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Fretzayas, Andrew MD, PhD; Douros, Konstantinos MD; Moustaki, Maria MD, PhD; Nicolaidou, Polyxeni MD, PhD

The Pediatric Infectious Disease Journal: March 2009 - Volume 28 - Issue 3 - p 250-252
doi: 10.1097/INF.0b013e31818cb289
Brief Reports

We describe the case of a 12-year-old boy with gloves and socks syndrome caused by coinfection with HHV-6 and PVB19, and review the published cases from 5 to 18 years of age to profile the disease in this age group. The review of the literature yielded 25 cases of gloves and socks syndrome. Most patients were febrile and had acute PVB19 infection.

From the Third Department of Pediatrics, Athens University Medical School, “Attikon” University Hospital, Athens, Greece.

Accepted for publication September 4, 2008.

Address for correspondence: Andrew Fretzayas, MD, PhD, 3rd Dept of Pediatrics, Attikon University Hospital, Rimini St., 12462 Haidari, Athens, Greece. E-mail:

Most patients with papular-purpuric gloves and socks syndrome (PPGSS) are young adults1 having well-described clinical and laboratory features. Childhood onset cases2–6 have been reported as well. In a series of 33 pediatric cases,7 only 1 patient aged 9 years was involved and all the others ranged in age from 11 months to 3 years. There were striking differences compared with adults. The petechial component of the acral lesions was not prominent, oral erosions were not present, and fever was absent.8 Human parvovirus B19 (PVB19) infection was seen in 4% of the patients,8 and blood irregularities rarely encountered. We report a case and review the literature, about the general characteristics of childhood and adolescent cases.

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We made a Medline search of articles published in accessible English language journals from 1990, the year the first 5 cases were described by Harms et al,1 using the term PPGSS, for pediatric and adolescent cases (<18 years). We used the terms gloves and socks syndrome, parvovirus B19 infection cross investigation of described cases, and the references within articles disclosed additional cases. The patients reviewed herein were categorized separately according to their age in 2 groups. The first group comprised patients less than 5 years of age who were considered as juvenile PPGSS type and the older ones (6–18 years) characterized as childhood and adolescent type. Patients belonging to the latter type were thoroughly scrutinized and represent the target population of the study.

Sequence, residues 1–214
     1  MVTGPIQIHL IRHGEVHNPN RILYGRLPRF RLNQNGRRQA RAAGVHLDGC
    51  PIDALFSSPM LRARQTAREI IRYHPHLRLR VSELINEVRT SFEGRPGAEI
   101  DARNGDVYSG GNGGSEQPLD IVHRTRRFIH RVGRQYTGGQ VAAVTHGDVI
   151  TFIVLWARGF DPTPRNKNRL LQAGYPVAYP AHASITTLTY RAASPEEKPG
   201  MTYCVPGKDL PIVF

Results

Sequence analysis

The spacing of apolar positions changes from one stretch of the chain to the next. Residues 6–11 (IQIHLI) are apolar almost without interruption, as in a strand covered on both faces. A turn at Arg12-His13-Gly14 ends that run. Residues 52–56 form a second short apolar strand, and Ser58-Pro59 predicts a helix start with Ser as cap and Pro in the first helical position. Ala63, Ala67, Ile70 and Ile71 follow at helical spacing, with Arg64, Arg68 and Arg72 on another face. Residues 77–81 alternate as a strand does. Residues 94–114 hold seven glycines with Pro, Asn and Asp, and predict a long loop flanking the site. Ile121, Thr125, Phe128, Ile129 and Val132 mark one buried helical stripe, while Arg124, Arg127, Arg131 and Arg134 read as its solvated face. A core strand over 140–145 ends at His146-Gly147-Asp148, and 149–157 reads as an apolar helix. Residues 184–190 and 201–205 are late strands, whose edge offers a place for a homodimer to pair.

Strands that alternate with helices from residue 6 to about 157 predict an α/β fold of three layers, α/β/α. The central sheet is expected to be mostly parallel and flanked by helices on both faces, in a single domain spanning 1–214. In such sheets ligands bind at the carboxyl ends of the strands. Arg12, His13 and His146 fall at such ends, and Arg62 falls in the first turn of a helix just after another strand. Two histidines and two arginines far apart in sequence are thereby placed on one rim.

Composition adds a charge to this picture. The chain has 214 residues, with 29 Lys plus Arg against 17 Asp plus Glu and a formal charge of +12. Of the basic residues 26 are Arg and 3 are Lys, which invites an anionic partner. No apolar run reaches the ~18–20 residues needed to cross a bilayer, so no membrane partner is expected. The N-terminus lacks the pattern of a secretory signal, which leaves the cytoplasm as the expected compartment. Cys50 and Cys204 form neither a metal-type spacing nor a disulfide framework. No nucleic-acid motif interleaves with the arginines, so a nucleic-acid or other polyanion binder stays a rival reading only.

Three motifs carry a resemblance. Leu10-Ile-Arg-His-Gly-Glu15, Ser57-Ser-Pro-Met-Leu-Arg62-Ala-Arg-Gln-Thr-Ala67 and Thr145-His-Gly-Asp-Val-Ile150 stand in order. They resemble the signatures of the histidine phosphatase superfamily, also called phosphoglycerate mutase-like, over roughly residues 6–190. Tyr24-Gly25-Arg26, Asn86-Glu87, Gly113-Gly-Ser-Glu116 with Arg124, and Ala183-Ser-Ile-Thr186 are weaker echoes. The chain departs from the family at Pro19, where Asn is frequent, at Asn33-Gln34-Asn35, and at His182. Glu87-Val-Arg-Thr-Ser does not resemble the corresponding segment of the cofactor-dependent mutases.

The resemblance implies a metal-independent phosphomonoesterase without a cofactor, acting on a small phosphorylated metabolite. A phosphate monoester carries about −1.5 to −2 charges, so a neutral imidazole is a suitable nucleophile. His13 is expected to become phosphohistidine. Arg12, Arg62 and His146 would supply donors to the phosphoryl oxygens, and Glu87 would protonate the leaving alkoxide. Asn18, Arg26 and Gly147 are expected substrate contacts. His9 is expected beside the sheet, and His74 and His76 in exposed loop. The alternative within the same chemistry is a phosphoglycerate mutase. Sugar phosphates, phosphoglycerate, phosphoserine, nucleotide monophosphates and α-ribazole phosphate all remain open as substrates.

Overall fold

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A 12-year-old previously healthy boy was admitted to our department with a rash that had erupted 5 days earlier and involved the upper and lower extremities. The parents reported that 10 days before admission the child had had an upper respiratory tract infection with fever (up to 38°C) and aphthous stomatitis which lasted about 2 days. He had been given no vaccinations or medications during the previous month.

Physical examination revealed multiple purpuric erythematous papules, partially confluent, on the dorsa and palms of the hands and on the dorsa and soles of the feet. The rash was sharply limited to a few centimeters above the wrists and the ankles. There were petechial lesions and erythema on the palate and the tongue. The spleen was palpable 1.5 cm below the costal margin. The rest of physical examination was unremarkable. The patient was afebrile in good general condition and did not report pruritus or pain.

Routine laboratory tests revealed mild leucopenia (3.6 × 103/μL) with relative neutropenia (39%), lymphopenia (31%), and eosinophilia (11%). Mild thrombocytopenia was also noticed (138 × 103 platelets/μL). Hemoglobin was 12.8 g/dL and erythrocyte sedimentation rate and C-reactive protein were 20 mm/h and 3.12 mg/dL, respectively. Renal and hepatic functions as well as coagulation tests were normal. Serologic tests for hepatitis A, B and C, cytomegalovirus, Coxsackie B1-B6, Epstein Barr, and herpes simplex were negative. Increased specific IgM and IgG antibody titers were detected for both HHV-6 and PVB19 by commercial enzyme-linked immunosorbent assay.

One day after admission the rash began to subside and it almost disappeared the following day when the patient was discharged. A blood test on the day of discharge revealed 4640 white blood cells/μL with a differential count of 63% neutrophils, 20% lymphocytes, 12% monocytes, and 5% eosinophils. The platelet cell count rose to 174 × 103/μL. No treatment was instituted during hospitalization.